Ukraine and other countries affected by conflict could soon be facing a mental health crisis, a Manchester-based charity has warned.
Syria Relief, a non-political organisation focused on aid in Syria, has said mental health needs to be at the forefront of future aid projects across the globe.
The charity said their projects in Syria have highlighted an immediate need for a bigger focus on the mental health of people affected by conflict and war – including Ukrainians.
Jessica Adams, head of communications and advocacy at Syria Relief, said: “What we’re seeing in Ukraine is the same as what we’re seeing in Syria.
“When civilian infrastructure is destroyed or targeted like hospitals and schools, as we’ve seen in Syria for the past 11 years, it is civilians who pay the biggest price.
“While the violence in Ukraine continues they will continue to have mental health issues and these will only get worse.
“Even if the crisis and the conflict stops tomorrow, the damage is already done.”
Syria Relief’s research into PTSD in Syria has made it clear that the mental health of refugees is not focused on enough by aid charities.
Of the internally displaced people (IDPs) in Idlib, 99% are suffering from PTSD – striking figures found by the charity show.
Idlib, a major city in Syria, is the current focus of the ongoing conflict in Syria after the Russian-backed Syrian regime greatly escalated the violence in 2019.
A third of the 3.5 million people living in Idlib were displaced by this fighting alone after schools and hospitals were deliberately targeted.
Of all 721 survey respondents – including Syrian refugees in Turkey and Lebanon – 88% had experienced at least one life-threatening event and at least one PTSD symptom.
Syria Relief has said Syria is already facing a major mental health crisis – and aid organisations need to learn from this to prevent this happening in other conflict areas.
Ms Adams said: “What people don’t see is the long-term effects of war.
“What they don’t realise is when the bombing does stop or when a refugee does find solace in another country those mental scars are still there.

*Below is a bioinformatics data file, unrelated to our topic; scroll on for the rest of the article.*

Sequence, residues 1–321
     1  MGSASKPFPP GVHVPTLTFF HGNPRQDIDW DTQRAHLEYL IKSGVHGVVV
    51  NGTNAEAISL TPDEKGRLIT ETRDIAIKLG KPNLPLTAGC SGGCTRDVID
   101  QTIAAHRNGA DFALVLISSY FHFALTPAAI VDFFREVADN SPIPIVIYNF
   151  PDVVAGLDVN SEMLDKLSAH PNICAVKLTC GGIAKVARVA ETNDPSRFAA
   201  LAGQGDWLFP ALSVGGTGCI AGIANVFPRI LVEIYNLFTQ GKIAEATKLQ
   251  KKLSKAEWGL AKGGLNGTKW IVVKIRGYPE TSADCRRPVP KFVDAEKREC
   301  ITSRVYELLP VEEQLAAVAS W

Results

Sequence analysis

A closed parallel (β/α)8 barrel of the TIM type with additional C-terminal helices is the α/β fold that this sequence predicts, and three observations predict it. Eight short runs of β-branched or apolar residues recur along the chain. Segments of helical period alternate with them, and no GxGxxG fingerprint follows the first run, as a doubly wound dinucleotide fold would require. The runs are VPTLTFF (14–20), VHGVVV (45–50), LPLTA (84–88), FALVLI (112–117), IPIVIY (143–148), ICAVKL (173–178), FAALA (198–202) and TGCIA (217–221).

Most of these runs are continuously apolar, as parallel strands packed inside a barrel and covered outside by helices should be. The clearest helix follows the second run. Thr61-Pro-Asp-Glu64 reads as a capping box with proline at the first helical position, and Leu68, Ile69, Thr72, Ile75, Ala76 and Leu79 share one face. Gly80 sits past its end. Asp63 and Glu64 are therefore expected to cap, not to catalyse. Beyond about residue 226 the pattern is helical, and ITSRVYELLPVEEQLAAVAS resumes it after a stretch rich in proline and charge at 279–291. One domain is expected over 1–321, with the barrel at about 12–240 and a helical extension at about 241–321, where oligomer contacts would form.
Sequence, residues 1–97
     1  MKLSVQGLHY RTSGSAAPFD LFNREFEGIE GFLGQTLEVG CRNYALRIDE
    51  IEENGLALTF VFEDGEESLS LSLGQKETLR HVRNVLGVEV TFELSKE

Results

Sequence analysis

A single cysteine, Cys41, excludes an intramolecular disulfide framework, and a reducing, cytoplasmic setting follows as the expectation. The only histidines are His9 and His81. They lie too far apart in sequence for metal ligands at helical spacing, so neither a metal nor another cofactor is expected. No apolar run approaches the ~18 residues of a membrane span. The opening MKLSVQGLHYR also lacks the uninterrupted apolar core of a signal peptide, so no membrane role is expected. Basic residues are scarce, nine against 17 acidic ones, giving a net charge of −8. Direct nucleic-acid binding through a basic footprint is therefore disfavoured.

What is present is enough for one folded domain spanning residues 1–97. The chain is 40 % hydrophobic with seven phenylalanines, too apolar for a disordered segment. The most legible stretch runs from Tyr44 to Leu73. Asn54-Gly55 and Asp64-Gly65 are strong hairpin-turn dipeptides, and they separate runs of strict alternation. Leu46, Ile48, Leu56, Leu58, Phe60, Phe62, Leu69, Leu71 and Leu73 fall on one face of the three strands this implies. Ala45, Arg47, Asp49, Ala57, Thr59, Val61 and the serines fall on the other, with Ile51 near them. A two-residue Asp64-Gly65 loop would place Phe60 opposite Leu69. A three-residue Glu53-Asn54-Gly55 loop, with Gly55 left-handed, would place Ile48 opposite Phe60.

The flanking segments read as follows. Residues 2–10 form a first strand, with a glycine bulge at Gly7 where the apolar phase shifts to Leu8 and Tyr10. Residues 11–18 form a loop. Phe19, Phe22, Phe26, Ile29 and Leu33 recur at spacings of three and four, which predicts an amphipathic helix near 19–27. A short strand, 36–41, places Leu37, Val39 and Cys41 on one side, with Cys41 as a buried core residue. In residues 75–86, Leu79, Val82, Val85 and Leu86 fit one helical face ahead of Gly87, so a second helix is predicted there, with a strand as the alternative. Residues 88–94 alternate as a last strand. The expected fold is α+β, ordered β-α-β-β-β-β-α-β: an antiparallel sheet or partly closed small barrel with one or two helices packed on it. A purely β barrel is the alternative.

“They creep into all aspects of their lives.
“People also don’t realise the conflict in Syria is still going on and even things like loud noises trigger mental responses.
“One of the challenges we do find is, because immediate need is so well understood, mental health needs are not as known or interacted with by donors because they don’t see those hidden scars.
“You can’t see how people feel and what that means for them.
“It isn’t until you conduct this research yourself as an organisation or you speak to people that you really get an idea of how long-lasting the damage is and how much damage the 11 years of conflict have done.”
Syria Relief has recently expanded its aid to reach countries such as Yemen, Palestine and Ukraine.
This secondary brand is named ‘Action for Humanity’ and, like Syria Relief, all of its projects will include psychosocial support.
The organisation is currently working with trusted partners in Ukraine which are assessing the most immediate needs of the people there.
According to data published by WHO in 2019, one in five people in war zones have mental health conditions.
In Syria, that number is much higher according to Syria Relief’s report.
Ms Adams said: “I think mental health definitely has to be the future of aid and I think all organisations should bring it to the forefront of their planning.
“Mental health aid is going to be pivotal to make change.
“I think that if we don’t address it, we are going to face a mental health crisis.
“In Syria we are already there and I think we need to learn from that and take it to other places.
“We can address Syria as much as possible but I think we can’t let other countries have the same mental health crisis that Syria has.”
You can donate to Syria Relief here.
To read more about Action for Humanity and to donate visit the website here.